In the midst of Pakistan’s serious economic challenges, Saudi Arabia’s offer of US$4.2 billion in financial assistance will help to bring Saudi-Pakistan relations back on track. The Saudi move is also intended to signal that, while improving ties with India, it also wants to check any further deterioration of links with Pakistan and that, in spite of the recent rising clout of the UAE and Qatar, Riyadh is still the dominant strategic player in the Gulf.
Foreign aid for Rohingya refugees has declined since the economic fallout triggered by the Covid-19 pandemic, but the world must not turn its back and should aid Bangladesh, which hosts the vast bulk of the refugees, by providing comprehensive financial assistance. The failure of repatriation, together with funding shortages, could risk untoward future developments, the toll of which the international community will not be able to avoid.
While Pakistan has hinted on multiple occasions that it wants a multi-dimensional relationship, not just one driven by security, the US has made it clear that, in the short term, ties with Pakistan would be centred on Afghanistan. While it was believed that the Biden Administration may tweak its predecessor’s policy, it has essentially followed a similar approach. Given the state of Pakistan’s economy, it cannot depend solely on Beijing and more acrimony with the US is not good news.
Megaprojects are not the panacea for all infrastructural deficiencies, but they are one of the best available options for addressing Bangladesh’s particular infrastructure deficiencies, transport crises and power shortages in a sustainable manner.
In spite of serious differences and Moscow’s proximity with Beijing, there is a growing realisation in Washington that a working relationship with Moscow is essential on a number of issues, including Afghanistan and the Iran nuclear deal. The Russia-US relationship is important, not just from a bilateral dimension, but will also be watched by countries which have close economic and security relations with Moscow, and which would not like to make tough choices.
Instead of promoting peace, security and stability in the Indo-Pacific, the New Atlantic Charter could see China and Russia forge a united front against the US-led security partnership in the region.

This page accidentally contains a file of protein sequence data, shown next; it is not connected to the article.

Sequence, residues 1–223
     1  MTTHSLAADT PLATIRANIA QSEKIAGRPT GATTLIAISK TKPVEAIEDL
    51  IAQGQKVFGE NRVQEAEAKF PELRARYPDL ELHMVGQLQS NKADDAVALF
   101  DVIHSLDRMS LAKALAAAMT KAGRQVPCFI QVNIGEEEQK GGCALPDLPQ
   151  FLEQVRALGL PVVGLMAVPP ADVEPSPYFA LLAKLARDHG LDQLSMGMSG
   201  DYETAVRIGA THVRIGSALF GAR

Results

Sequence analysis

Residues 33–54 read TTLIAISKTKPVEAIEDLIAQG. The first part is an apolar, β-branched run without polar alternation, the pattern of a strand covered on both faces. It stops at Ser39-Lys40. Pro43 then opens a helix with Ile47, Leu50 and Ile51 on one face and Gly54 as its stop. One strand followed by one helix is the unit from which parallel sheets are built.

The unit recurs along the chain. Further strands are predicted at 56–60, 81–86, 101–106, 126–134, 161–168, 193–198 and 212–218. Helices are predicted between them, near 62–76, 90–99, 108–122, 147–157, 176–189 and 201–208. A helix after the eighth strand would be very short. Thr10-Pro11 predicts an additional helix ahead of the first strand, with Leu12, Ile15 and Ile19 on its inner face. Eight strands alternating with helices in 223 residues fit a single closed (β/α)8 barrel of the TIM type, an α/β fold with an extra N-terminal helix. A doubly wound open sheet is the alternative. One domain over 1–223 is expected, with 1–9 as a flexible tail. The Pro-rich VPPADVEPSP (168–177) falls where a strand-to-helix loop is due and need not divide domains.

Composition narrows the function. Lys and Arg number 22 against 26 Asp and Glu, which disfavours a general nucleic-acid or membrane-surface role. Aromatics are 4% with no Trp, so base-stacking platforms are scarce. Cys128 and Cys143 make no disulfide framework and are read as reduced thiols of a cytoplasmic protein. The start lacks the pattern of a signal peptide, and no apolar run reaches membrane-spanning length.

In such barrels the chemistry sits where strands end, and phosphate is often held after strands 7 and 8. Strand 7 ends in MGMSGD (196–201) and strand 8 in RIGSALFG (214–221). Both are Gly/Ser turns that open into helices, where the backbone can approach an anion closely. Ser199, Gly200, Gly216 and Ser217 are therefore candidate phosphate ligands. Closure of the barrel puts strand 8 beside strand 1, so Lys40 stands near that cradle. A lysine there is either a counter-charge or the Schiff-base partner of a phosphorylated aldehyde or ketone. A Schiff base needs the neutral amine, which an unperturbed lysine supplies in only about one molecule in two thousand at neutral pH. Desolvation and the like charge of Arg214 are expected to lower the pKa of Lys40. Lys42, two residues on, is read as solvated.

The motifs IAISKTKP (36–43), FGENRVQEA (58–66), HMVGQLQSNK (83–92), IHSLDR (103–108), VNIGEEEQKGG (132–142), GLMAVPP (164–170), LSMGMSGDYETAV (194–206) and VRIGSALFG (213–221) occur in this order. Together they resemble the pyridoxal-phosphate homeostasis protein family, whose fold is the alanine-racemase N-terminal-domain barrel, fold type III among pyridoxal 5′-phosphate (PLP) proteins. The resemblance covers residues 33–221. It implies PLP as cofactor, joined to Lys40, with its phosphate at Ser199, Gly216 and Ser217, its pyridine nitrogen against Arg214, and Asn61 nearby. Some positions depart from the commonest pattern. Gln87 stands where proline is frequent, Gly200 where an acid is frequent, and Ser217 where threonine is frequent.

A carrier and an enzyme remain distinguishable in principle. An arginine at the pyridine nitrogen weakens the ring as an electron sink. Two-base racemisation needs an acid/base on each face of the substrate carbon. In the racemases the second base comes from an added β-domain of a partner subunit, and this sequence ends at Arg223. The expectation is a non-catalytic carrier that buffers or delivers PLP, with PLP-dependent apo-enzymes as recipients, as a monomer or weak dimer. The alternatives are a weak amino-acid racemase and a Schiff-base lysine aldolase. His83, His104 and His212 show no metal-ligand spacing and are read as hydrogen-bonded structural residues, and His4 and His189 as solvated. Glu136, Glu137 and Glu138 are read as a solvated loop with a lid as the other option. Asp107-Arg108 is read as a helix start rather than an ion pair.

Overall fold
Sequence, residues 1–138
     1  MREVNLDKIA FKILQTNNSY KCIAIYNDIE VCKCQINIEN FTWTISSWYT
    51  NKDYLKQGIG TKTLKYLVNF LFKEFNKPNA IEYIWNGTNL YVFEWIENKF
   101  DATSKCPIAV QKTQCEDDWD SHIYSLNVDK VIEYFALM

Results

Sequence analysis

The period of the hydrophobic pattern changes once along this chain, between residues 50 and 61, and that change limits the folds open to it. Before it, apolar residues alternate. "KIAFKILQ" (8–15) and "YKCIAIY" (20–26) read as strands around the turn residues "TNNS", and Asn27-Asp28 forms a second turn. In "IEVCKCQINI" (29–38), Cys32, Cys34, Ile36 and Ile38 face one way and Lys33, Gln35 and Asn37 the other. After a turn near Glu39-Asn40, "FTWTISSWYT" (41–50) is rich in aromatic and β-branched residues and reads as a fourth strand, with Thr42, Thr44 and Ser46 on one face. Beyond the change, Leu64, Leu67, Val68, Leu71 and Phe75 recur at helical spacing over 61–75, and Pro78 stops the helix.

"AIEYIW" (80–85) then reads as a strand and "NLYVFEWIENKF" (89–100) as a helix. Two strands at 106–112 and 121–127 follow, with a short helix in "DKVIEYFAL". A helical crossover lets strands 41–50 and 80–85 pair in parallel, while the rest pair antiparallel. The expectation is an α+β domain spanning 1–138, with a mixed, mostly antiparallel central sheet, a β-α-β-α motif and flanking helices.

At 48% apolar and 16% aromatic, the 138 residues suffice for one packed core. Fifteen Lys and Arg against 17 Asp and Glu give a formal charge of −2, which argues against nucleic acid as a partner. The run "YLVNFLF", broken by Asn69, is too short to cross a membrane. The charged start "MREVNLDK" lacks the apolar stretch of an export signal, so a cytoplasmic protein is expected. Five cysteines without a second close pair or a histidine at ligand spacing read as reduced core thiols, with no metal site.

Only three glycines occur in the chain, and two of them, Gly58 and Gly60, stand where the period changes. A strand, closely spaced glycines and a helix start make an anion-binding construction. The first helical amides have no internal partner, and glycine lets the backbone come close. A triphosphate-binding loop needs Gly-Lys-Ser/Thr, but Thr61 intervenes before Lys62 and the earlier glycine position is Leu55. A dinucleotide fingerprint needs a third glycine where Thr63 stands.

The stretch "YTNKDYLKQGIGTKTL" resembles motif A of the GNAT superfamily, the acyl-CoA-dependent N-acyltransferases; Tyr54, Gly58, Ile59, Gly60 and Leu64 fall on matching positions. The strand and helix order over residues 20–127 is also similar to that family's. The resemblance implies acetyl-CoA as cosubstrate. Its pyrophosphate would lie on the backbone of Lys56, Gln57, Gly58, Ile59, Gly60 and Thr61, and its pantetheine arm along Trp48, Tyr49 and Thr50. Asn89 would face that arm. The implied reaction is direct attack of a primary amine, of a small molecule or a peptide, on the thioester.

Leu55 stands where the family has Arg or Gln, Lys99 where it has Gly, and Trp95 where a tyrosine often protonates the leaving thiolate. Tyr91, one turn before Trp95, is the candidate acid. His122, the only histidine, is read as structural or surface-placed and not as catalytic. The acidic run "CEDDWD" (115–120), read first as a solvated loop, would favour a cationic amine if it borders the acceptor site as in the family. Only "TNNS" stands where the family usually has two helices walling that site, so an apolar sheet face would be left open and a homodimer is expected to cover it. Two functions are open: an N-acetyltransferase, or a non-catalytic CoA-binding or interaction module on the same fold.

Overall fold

Paris’s anger at having lost the contract to supply conventionally-powered submarines to the Royal Australian Navy is redolent with unmitigated hypocrisy.
By bringing together around 3,000 young people rather than political leaders, the New Africa-France Summit sought to chart a new course for the countries involved, but the true measure of success will be the degree to which the views of the participants gain traction among those in power.
There is a consensus in the global community as far as providing financial support for dealing with the economic and humanitarian challenges in Afghanistan is concerned. China, however, has been the only country which has said that economic sanctions against the Taliban should be removed and that the reserves of Afghan Central Bank should be released, given the multiple challenges the country is facing.
The evolving strategic alignment in the Indo-Pacific has ramifications for the region, which could well be the harbinger of a New Cold War, with potential catastrophic consequences. Therefore, American and Chinese leaders will be well advised to manage their strategic competition without any military confrontation(s). The Shanghai Co-operation Organisation’s (SCO) first real test would be to bring back normality and harmony in Afghanistan for overall peace, stability and prosperity in the wider region.